Take the 2-minute tour ×
Stack Overflow is a question and answer site for professional and enthusiast programmers. It's 100% free, no registration required.

I was watching some videos on YouTube by Google and in the basic lessons they were showing how to create and call a function:

def main():
    print 'Hello'

if __name__ == '__main__':   # this is the boilerplate portion
    main()

Why would we need to take the extra step to create that boilerplate if we can just the code look like this:

def main():
    print 'Hello'

main()

The output will be exactly the same without the extra code.

-BK

share|improve this question
3  
You'll want the if __name__=="__main__" if you want to import the file without the main function being invoked. –  Dan D. Apr 27 '12 at 11:19
1  
stackoverflow.com/questions/419163/what-does-if-name-main-do contains several good answers –  Edvard Pedersen Apr 27 '12 at 11:20
    
Well, I understand now what it's for..... and I've tested it. It definitely prevents it from being run until called upon. However, why not just make code simpler and cleaner by not including the run option in this file and only run it in the file we're importing it into? Less key strokes? –  BK_TheMadRussian Apr 27 '12 at 11:29
1  
I think I'm actually understanding it a bit more now. We add that little line in there to be able to constantly modify the module and test it independently without having it run in the main file that we're importing it into, and without having to type and delete main() constantly to test it over and over after making changes. –  BK_TheMadRussian Apr 27 '12 at 11:35
    
of course, you could omit the function call entirely. but then, it won't run when you run the module. the __main__ test is just idiomatic for code you want to be run when running the module, but not when importing it. –  ch3ka Apr 27 '12 at 11:35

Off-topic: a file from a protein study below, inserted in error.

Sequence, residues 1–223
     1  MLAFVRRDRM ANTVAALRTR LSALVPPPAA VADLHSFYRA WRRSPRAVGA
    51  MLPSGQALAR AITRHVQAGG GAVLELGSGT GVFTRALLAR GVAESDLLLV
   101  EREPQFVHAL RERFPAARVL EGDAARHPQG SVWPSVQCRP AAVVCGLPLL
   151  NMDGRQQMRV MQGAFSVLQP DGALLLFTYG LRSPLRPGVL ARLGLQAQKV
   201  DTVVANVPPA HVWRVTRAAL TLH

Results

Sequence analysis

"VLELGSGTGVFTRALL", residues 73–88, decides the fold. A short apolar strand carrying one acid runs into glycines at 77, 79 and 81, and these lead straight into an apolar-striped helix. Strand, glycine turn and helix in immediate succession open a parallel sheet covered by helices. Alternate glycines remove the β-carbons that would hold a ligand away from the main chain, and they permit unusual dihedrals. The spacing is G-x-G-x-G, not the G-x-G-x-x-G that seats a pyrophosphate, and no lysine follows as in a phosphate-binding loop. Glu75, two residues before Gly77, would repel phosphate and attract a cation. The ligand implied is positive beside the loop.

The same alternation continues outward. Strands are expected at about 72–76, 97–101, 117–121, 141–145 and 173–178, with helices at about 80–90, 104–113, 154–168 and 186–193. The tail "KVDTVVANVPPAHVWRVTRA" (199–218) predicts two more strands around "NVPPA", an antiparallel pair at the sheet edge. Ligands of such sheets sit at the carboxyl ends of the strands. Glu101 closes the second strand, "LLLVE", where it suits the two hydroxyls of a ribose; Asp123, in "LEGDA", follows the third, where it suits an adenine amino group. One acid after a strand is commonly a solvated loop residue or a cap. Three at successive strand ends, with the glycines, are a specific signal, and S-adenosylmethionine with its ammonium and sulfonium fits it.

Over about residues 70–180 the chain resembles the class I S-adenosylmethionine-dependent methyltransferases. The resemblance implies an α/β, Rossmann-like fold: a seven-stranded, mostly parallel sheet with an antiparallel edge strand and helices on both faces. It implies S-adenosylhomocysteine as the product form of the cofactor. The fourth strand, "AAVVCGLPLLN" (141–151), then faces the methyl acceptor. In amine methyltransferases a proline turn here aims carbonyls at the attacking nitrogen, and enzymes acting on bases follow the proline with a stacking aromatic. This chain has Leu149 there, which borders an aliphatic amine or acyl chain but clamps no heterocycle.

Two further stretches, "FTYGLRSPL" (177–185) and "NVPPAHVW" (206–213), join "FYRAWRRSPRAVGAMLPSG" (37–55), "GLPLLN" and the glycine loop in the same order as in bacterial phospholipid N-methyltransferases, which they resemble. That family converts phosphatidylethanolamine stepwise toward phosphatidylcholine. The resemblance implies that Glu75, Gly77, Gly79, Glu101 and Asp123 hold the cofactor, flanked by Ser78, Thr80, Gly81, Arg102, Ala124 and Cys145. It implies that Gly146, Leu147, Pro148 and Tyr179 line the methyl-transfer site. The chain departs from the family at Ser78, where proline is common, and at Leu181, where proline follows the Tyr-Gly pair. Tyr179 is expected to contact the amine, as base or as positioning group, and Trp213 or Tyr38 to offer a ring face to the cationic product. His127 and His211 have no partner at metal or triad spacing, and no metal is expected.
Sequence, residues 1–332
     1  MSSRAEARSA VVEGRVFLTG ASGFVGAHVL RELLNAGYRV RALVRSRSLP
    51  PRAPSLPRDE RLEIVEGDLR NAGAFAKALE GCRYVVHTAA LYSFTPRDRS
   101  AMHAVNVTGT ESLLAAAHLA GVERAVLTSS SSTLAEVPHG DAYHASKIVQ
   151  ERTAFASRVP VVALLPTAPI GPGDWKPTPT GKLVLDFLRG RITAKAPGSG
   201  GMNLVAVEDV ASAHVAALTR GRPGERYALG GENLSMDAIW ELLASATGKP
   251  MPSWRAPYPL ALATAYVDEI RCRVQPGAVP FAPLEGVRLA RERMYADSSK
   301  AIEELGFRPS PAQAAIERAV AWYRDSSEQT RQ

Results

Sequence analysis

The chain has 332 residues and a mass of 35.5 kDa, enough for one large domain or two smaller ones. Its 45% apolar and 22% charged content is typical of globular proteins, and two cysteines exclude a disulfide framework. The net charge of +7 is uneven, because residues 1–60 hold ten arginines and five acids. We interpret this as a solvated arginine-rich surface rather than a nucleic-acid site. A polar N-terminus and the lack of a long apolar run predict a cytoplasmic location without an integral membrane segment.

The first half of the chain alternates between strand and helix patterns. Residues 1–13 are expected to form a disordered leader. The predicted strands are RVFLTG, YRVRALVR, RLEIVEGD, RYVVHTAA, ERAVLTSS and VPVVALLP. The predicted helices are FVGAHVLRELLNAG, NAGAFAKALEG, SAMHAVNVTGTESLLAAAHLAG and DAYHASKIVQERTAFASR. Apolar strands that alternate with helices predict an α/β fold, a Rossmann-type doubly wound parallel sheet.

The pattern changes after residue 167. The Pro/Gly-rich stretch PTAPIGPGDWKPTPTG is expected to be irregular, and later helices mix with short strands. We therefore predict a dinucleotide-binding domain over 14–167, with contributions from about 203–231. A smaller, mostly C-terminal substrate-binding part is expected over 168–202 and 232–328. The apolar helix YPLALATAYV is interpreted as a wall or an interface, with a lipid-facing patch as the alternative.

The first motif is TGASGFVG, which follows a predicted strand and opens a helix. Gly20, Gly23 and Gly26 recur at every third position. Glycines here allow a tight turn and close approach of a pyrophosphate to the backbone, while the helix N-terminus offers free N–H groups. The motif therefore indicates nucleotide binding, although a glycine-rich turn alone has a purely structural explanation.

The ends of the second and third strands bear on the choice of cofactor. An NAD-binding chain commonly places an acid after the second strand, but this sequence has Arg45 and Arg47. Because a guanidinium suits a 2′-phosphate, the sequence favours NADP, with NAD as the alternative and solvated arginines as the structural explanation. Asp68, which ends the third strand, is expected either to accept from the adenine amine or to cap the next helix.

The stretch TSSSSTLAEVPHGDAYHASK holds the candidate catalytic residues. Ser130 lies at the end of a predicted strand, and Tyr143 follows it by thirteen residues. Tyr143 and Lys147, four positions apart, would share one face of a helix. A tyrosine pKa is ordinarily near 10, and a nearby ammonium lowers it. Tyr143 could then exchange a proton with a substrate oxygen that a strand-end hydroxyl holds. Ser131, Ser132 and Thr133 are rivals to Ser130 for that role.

2 Answers 2

up vote 2 down vote accepted

This is for test purpose. Then you write module you can test it in under name/main section and make sure what you code work properly. But when you call it from another module you test under this section will not call.

share|improve this answer
    
Oh, wait, I think I might understand now... so, it allows you to test a module on its own really quick to see what it does, while still have it available for loading into the main file without having it executed there unless called upon. I can see this being good if you don't want to repeatedly type and delete main() after making changes to it to see how it works. –  BK_TheMadRussian Apr 27 '12 at 11:34
    
Yes, this is how. –  Denis Apr 27 '12 at 11:56

It's so that part isn't run when the file is imported by a different file. Only if the file is actually the first 'call' will the code be run.

share|improve this answer
    
Well, if the spontaneous running of the function in a different file is a concern. Why not just exclude that portion from the file and only run it in the new file. So you'd have from suchandsuch_file import main and then in the new file you can type main() to run it. –  BK_TheMadRussian Apr 27 '12 at 11:21

Your Answer

 
discard

By posting your answer, you agree to the privacy policy and terms of service.

Not the answer you're looking for? Browse other questions tagged or ask your own question.